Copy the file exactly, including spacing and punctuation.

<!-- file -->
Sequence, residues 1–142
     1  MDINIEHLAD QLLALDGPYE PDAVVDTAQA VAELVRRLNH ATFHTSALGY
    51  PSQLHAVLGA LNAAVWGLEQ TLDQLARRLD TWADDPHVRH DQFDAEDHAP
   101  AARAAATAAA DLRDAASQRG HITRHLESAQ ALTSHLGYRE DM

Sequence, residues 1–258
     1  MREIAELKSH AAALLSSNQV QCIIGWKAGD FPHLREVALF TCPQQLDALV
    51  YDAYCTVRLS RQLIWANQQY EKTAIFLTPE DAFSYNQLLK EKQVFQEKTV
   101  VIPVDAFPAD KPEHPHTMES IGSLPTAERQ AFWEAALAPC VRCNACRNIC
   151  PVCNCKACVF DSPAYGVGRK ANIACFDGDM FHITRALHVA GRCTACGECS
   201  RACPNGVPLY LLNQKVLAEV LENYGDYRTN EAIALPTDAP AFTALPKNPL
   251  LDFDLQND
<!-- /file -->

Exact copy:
Sequence, residues 1–142
     1  MDINIEHLAD QLLALDGPYE PDAVVDTAQA VAELVRRLNH ATFHTSALGY
    51  PSQLHAVLGA LNAAVWGLEQ TLDQLARRLD TWADDPHVRH DQFDAEDHAP
   101  AARAAATAAA DLRDAASQRG HITRHLESAQ ALTSHLGYRE DM

Sequence, residues 1–258
     1  MREIAELKSH AAALLSSNQV QCIIGWKAGD FPHLREVALF TCPQQLDALV
    51  YDAYCTVRLS RQLIWANQQY EKTAIFLTPE DAFSYNQLLK EKQVFQEKTV
   101  VIPVDAFPAD KPEHPHTMES IGSLPTAERQ AFWEAALAPC VRCNACRNIC
   151  PVCNCKACVF DSPAYGVGRK ANIACFDGDM FHITRALHVA GRCTACGECS
   201  RACPNGVPLY LLNQKVLAEV LENYGDYRTN EAIALPTDAP AFTALPKNPL
   251  LDFDLQND